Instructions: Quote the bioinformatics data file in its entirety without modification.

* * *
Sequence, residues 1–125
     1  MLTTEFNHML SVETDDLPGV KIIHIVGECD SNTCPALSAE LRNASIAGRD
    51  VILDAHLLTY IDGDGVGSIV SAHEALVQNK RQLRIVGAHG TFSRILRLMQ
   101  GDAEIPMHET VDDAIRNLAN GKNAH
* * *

Sequence, residues 1–125
     1  MLTTEFNHML SVETDDLPGV KIIHIVGECD SNTCPALSAE LRNASIAGRD
    51  VILDAHLLTY IDGDGVGSIV SAHEALVQNK RQLRIVGAHG TFSRILRLMQ
   101  GDAEIPMHET VDDAIRNLAN GKNAH